How to Survive Winter Without Heat or Electricity in Northern Climates

Surviving the Winter without Heat or Electricity

What if you no longer had access to natural gas or electricity? If you have an indoor wood stove and plenty of firewood, then you could heat your home with wood.

But what if your house is not outfitted with a wood burning fireplace or wood stove and you do not have a source of firewood?

At this point, you might be tempted to try and build a fire inside your home. Don't!  Unless you are creating the fire in a properly enclosed area that is vented to the outdoors, you may end up killing your entire family. Unvented fires lead to carbon monoxide poisoning and uncontained fires could burn your home down.

You need an alternative plan!

If we are without natural gas, but still have electricity, space heaters can be used. You can bake to increase the heat in your home, use electric blankets, etc.

The following plan is for the situation where there is no natural gas, no firewood, and no electricity.

If we are without natural gas and electricity, then chances are good that the world is in pretty bad shape. In this situation, the prime goal is survival. Comfort would be nice but may not be possible.

Recommendation #1 - Maximize the Heat you Have
Close up all but one room in your house and set up a tent in the middle of that room. This will be where everyone in your family sleeps. Tents are designed to keep heat in and weather out. By sleeping inside the tent, you will trap your family's body heat and create an area within your home that may stay warm enough to make it through the winter.

Of course, if you have mummy bags, lots of warm blankets and appropriately warm clothing, you'll be able to stay a lot warmer.

Open any south facing windows during the day and shut all the drapes in the evening to take advantage of the sun's heat.

During the day, wear winter gear in the house and keep the doors closed as much as possible. You may even cover windows and doors to further insulate them.

*Be sure you turn off your water and bleed your pipes so you don't have water pipes breaking and flowing into your home (even if the city water is shut off).

Recommendation #2 - Be sure everyone has appropriate winter gear -in the right sizes.
Make sure everyone has boots, scarves, hats, gloves, snow pants, boot socks, and a winter ski jacket. If there are children in your house, be sure you have something that will fit them as they grow bigger. Keep at least one size larger in storage so everyone will have adequate coverage at all times.

Recommendation #3 - Bring neighbors, family, and friends into your home. 
Bodies generate heat. The more bodies in your home, the warmer your home will be.  Banding together has a number of benefits beyond heat, but of course, this also means more food needs, more waste generated and a host of social problems. If you have women or children in your family be very careful who you invite into your home.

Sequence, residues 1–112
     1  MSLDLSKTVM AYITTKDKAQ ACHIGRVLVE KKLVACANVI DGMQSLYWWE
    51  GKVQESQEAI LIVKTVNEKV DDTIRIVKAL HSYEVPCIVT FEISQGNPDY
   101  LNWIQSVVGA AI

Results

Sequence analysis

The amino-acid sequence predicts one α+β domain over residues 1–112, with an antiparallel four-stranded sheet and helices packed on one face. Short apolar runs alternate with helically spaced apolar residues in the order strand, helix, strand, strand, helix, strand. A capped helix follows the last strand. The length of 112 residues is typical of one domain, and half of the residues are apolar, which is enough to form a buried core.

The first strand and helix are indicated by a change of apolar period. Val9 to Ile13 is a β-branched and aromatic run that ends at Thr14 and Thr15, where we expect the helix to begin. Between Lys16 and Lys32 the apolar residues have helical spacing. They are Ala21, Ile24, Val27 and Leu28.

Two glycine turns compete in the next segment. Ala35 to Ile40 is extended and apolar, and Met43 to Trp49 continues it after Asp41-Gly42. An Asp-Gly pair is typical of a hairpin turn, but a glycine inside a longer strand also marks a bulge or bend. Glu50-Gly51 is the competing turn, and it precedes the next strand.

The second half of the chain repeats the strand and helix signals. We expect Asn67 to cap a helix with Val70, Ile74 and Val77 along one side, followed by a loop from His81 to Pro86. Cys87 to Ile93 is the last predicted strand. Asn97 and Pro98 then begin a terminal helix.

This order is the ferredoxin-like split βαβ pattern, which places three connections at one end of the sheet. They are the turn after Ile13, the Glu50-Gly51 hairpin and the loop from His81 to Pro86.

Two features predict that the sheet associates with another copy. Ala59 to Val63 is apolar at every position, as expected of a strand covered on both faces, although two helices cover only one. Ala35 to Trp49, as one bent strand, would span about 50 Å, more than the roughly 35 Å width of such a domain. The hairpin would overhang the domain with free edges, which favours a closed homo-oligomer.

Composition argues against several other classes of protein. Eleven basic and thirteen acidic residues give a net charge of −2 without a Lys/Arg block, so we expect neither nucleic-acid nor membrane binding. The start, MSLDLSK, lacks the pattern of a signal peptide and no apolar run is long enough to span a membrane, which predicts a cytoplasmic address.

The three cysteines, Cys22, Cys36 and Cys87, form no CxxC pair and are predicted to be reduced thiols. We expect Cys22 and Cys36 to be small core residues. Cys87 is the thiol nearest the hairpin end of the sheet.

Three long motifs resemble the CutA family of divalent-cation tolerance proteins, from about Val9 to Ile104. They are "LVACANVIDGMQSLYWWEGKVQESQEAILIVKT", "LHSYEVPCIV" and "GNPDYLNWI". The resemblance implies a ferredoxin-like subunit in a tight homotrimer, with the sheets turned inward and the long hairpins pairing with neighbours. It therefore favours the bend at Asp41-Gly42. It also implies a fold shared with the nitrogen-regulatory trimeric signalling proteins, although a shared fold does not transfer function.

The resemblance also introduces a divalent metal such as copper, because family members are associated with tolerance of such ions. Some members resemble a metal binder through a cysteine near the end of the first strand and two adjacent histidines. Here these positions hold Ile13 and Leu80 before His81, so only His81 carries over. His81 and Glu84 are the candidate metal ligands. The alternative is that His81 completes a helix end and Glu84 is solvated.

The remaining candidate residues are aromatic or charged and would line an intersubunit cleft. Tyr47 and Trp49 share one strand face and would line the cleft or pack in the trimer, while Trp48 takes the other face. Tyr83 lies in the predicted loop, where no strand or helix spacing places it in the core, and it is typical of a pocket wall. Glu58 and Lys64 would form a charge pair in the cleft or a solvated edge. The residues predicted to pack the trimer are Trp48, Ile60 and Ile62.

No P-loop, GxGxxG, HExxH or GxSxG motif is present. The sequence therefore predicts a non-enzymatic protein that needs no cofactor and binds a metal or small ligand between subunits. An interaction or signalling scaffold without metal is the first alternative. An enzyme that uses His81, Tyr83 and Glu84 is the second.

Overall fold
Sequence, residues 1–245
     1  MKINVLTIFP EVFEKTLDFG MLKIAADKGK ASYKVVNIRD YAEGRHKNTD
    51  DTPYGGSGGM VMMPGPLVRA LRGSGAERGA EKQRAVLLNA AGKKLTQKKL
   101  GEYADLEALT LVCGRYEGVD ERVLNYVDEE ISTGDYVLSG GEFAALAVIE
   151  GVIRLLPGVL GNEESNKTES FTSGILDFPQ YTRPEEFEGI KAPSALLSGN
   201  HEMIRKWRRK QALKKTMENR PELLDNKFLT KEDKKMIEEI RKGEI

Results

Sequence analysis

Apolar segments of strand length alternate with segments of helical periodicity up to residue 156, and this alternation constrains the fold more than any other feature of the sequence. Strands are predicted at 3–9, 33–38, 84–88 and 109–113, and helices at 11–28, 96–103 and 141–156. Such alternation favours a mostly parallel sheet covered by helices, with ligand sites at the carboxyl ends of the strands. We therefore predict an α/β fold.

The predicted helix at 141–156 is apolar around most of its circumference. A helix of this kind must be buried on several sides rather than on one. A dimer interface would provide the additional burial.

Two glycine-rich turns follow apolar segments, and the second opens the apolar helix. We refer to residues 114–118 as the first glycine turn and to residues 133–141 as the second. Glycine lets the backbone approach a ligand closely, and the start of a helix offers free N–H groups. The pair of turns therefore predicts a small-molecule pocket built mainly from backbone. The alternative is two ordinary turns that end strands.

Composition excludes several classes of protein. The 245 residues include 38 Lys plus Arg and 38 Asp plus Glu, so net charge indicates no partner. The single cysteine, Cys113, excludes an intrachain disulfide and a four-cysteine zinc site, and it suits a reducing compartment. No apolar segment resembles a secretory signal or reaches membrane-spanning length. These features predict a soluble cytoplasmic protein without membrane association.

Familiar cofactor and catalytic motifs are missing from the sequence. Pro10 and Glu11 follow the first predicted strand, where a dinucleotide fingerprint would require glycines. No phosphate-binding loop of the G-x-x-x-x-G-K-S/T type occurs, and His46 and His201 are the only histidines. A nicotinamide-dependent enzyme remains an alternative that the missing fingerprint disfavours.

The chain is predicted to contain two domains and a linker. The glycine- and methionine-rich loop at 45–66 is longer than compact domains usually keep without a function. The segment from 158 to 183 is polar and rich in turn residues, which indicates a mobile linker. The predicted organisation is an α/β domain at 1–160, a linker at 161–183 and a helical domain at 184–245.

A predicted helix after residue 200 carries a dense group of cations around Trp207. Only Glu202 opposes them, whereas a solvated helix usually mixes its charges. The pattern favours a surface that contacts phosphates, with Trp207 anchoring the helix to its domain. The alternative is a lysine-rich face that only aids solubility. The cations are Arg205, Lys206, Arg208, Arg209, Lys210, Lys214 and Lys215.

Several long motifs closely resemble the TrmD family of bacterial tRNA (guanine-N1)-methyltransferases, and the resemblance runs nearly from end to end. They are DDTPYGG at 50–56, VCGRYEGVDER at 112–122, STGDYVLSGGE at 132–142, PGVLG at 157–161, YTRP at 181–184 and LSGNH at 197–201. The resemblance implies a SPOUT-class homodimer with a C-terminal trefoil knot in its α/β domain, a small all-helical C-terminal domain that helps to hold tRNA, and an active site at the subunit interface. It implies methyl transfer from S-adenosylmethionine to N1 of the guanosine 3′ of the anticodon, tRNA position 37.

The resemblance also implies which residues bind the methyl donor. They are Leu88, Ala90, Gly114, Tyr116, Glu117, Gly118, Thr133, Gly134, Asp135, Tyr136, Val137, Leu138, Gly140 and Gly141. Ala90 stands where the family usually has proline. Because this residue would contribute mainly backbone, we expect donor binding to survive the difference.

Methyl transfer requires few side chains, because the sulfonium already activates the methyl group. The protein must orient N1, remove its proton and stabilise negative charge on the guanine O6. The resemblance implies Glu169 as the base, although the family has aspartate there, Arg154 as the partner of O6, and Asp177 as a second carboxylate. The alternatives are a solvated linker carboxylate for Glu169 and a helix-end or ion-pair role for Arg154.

These are basic suggestions and you may be able to rig some sort of indoor fire or may mess around with increasing thermal mass or try to create some sort of solar heater. Assuming the world has gone mad max and the power is going to be out for...... years, then your goal is to survive the first winter.

Chances are good that most people will not survive. Some will band together and stay warm enough to survive. Some of those same people will kill each other or starve to death.

By the time spring starts to thaw, You will have 3 months or warm weather to prepare to do better than survive in year 2.

You will need to spend time accumulating food for the 2nd year, but this is also the time to improve your heating situation. If you can move, you may want to relocate to a home/cabin that has a wood stove and ample firewood, perhaps a lake for fishing and woods for hunting.

If you are going to stay put, now is the time to scavenge for supplies. This is when you should gather materials to create a solar heating system. They are actually pretty simple to create (maybe not so simple without electric tools) and empty homes will be full of useful supplies (wood, glass, paint, cans, pipes).

Maybe you will find enough supplies to build your own rocket stove, and will be able to accumulate fire wood for the next winter.

In the 2nd and subsequent winters, you are trying to thrive and rebuild society, not just survive. You will need to figure out who else has survived and whether or not you want to band together or how you will work together going forward.

While the world is still spinning, you may want to take this opportunity to read up on Haiti. Haiti is the perfect example of what you do not want our country to become. If we have mad max, then people will do anything they can to survive. They will hunt. They will kill. They will burn anything to stay warm. It's understandable but it's destructive.

Our country is beautiful and productive, but it can easily be turned to Haiti if everyone is killing, burning, and destroying. When we rebuild, we want to work with nature and keep preservation in mind. We want to leave a better world for our children, even if we were thrust into something horrible.

Let's hope it doesn't come to this, but if it does, be prepared to stay warm and start over.


Vincent Kim Lee said...

wow this is a great 101 Survival Tips. I don't know how people can live without electricity, but this is something.

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